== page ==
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Re: Color content negotiation

From: Roy Fielding <fielding@beach.w3.org>
Date: Wed, 13 Sep 1995 23:37:50 -0400
Message-Id: <199509140337.XAA04749@beach.w3.org>
To: Larry Masinter <masinter@parc.xerox.com>
Cc: http-wg%cuckoo.hpl.hp.com@hplb.hpl.hp.com
>The number of attributes a server *could* send for a particular
>document is nearly infinite; images could be selected on size and
>pixel depth; audio streams on compression methods, data rate or bits
>per sample; postscript files on version, use of color, etc.
>
>406 responses might be able to characterize these when the service
>doesn't perform any conversion, but 'accept' style negotiation works
>better in other circumstances.

I disagree.  In practice, conversion is never supplied since it
is always more scalable, and the result better tuned to the user
environment, to perform the conversion at the client end.  Thus,
client capabilities increase at a high rate while server implementations
remove functionality whenever possible.

When multiple variants are provided, they tend to fall into a
spectrum for each platform (i.e., GIF, JPEG, and TIFF would be the
scope of image formats for general purpose images;  HDF and a couple
others for scientific images, etc.).  In all cases, reactive content
negotiation on the few URLs that allow variants is far more efficient
than preemtive negotiation on all URLs.

Now, if you do the smart thing and make the negotiation response a
URC format, then you also get location independence for free.

>Let me suggest again "accept-parameter: <parameter><rel><value>"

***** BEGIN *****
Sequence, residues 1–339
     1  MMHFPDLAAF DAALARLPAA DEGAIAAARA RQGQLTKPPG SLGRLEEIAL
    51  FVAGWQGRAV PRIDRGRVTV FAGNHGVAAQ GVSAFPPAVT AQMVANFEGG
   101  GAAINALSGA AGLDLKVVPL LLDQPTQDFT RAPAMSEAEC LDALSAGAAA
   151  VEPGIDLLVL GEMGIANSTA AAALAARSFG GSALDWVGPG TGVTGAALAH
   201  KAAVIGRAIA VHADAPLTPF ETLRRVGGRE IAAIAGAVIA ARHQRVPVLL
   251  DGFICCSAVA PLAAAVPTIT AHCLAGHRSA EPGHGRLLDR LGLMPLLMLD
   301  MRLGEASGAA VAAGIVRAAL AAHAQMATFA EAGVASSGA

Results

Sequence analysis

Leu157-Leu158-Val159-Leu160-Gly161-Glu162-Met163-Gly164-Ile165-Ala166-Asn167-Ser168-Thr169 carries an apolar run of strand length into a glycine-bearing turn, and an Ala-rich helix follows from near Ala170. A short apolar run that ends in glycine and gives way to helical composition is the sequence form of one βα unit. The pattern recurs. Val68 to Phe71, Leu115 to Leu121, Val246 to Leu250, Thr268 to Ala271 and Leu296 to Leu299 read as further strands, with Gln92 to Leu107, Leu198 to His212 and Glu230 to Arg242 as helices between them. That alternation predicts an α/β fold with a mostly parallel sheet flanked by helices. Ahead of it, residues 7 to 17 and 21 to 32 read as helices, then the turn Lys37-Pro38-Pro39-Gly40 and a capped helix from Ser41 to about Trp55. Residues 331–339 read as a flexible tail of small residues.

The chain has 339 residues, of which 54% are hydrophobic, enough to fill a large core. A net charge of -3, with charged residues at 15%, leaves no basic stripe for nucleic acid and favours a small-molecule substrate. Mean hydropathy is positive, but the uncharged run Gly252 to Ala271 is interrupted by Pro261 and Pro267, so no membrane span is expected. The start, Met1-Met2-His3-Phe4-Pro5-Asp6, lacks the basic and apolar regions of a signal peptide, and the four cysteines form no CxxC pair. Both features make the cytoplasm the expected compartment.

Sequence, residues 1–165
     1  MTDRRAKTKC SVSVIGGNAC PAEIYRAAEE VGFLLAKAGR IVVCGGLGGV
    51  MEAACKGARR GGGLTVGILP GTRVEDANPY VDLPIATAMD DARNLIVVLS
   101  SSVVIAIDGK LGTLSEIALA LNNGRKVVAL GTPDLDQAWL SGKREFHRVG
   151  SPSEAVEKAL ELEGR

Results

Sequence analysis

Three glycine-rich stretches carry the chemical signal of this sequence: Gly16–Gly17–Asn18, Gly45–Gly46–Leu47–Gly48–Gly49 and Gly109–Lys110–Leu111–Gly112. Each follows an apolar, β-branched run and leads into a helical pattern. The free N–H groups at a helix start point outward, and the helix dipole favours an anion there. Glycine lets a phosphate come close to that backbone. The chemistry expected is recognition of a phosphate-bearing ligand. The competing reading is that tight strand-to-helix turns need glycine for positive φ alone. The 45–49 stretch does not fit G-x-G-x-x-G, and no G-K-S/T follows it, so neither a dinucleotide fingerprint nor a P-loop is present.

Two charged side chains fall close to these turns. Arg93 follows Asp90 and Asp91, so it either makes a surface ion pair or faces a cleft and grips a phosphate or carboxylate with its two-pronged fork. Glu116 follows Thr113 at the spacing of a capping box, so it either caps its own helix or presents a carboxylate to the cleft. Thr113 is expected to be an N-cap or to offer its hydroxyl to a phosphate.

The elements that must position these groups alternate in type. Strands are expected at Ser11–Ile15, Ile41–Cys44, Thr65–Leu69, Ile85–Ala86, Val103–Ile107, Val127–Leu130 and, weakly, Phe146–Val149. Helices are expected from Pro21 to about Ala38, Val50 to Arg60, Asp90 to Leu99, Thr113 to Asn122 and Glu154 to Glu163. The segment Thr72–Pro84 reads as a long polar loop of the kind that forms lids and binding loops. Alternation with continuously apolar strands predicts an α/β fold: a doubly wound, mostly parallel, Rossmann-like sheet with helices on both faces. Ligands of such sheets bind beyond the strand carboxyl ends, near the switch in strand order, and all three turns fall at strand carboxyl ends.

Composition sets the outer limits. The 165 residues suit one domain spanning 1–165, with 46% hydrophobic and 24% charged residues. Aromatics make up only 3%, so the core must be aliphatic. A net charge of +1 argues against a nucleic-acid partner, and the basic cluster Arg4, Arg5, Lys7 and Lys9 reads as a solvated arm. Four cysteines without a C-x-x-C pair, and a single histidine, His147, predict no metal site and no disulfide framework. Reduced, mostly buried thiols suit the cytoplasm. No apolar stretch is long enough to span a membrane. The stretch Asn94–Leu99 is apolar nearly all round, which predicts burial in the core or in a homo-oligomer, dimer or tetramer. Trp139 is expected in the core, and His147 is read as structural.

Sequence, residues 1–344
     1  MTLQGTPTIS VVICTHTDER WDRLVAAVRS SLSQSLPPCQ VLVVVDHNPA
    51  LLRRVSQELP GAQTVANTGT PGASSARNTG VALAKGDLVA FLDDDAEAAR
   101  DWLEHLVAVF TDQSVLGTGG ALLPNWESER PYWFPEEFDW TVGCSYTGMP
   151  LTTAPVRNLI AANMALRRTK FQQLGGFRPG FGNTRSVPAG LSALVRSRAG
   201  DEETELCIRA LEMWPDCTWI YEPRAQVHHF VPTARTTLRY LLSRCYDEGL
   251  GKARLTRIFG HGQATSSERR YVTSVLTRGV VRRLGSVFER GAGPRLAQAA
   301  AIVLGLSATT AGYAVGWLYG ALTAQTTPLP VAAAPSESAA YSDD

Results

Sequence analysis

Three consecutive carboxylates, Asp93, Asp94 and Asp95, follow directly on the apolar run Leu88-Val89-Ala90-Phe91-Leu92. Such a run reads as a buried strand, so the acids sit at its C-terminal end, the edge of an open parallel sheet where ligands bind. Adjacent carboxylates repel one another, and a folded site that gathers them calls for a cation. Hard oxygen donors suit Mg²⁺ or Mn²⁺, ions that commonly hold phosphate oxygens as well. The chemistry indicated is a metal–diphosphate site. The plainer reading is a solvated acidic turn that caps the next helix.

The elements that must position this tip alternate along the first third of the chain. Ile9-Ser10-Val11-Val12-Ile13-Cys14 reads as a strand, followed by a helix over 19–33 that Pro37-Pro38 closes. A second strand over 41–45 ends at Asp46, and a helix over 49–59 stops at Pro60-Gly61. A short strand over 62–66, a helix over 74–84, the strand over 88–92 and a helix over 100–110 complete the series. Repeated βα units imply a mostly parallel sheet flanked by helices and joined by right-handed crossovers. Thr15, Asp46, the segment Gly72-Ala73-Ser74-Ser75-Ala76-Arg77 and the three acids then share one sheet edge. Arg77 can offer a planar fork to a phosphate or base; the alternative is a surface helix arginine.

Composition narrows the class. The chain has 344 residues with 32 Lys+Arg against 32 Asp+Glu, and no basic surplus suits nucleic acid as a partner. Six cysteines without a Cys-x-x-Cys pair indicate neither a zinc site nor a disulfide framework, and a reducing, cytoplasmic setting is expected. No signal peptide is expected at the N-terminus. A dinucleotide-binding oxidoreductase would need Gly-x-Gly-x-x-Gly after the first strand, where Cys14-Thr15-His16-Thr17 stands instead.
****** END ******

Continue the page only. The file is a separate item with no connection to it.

>where <parameter> is a parameter to a number of media types (e.g.,
>charset), <rel> is a relation operator (e.g., =), and <value> is a
>value specifier consistent with <rel>.
>
>This will apply 'to all accepted media types for which the parameter
>applies', and the q value operates by modifying the q of the original
>media type. (If revisedq = f(mediaq, parameterq), I'm not sure what f
>should be, but I think 'product', e.g., revisedq=mediaq * parameterq.

And let me point out again the two flaws with this proposal.

  1) There are no common media type parameters other than
     charset and boundary (and the latter is not negotiable). 

  2) When media types do use the same name for a parameter, they
     may have entirely different meaning or have incompatible domains.
     One obvious example is the "level" parameter.

Therefore, you cannot negotiate on a parameter other than charset
without first tying it to the media type which defines it.


 ....Roy T. Fielding  Department of ICS, University of California, Irvine USA
                      Visiting Scholar, MIT/LCS + World-Wide Web Consortium
                      (fielding@w3.org)                (fielding@ics.uci.edu)
Received on Wednesday, 13 September 1995 20:39:33 EDT

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